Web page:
Romanticism and Victorianism on the Net
Numéro 50, mai 2008
Mingled Measures: Gothic Parody in Tales of Wonder and Tales of Terror
Douglass H. Thomson
The two epigrams from the second title-page to Tales of Terror reflect the dual nature of the volume: one from Lucan’s Pharsalia [Civil War] (VI. 732-35) promising to “banish” the taste for literature with otherworldly themes; the other from William Drummond’s The Satires of Persius (London: W. Bulmer for J. Wright, 1799), expressing delight in Gothic subject matter.
“O wretched souls! Now I shall call you by your true names, and strand the dogs of the underworld in the light of the world above; I shall spy on you and track you through tombstones, through death-rites; I shall drive you from your tombs, banish you from all of your urns!”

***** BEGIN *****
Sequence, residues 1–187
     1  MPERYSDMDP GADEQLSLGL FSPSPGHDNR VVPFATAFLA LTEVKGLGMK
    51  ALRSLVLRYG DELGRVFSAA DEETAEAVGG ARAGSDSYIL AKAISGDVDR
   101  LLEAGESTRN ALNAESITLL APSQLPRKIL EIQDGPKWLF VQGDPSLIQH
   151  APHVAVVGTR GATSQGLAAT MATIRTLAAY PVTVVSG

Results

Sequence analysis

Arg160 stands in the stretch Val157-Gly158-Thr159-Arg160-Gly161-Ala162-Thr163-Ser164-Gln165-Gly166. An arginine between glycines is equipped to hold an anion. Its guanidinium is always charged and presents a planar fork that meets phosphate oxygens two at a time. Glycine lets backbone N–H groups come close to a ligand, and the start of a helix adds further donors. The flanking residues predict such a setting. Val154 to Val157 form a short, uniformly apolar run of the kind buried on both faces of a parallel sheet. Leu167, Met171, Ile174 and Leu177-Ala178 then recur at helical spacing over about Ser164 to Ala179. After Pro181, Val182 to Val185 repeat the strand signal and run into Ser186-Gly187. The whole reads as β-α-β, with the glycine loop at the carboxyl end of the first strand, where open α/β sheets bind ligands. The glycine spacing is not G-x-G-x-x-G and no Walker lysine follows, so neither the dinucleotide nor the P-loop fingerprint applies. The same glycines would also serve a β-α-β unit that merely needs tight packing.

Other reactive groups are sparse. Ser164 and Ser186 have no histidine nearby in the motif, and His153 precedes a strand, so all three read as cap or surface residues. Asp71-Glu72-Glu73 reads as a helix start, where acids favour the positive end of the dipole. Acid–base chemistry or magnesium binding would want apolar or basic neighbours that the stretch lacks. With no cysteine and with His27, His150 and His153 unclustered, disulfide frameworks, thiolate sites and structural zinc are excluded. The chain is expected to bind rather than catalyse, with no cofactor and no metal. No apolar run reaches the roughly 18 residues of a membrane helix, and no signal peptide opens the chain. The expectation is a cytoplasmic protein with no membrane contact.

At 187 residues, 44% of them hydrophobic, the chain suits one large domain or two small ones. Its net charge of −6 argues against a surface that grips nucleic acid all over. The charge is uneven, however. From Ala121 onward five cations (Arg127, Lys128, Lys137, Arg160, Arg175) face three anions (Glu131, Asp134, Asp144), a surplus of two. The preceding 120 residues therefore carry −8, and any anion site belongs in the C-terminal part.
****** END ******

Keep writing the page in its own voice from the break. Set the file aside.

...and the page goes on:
Lucan. Phar. lib. 6
Not undelighted does my mind recall
Its infant joys in yonder Gothic hall;
Where still the legendary tale goes round,
Of charms and spells, of treasures lost and found,
Of fearful goblins, and malicious sprites,
Enchanted damsels, and enamoured knights.
Drummond’s Prologue to Persisus
Courtesy of the Sadleir-Black Collection of Gothic Novels, Special Collections, University of Virginia Library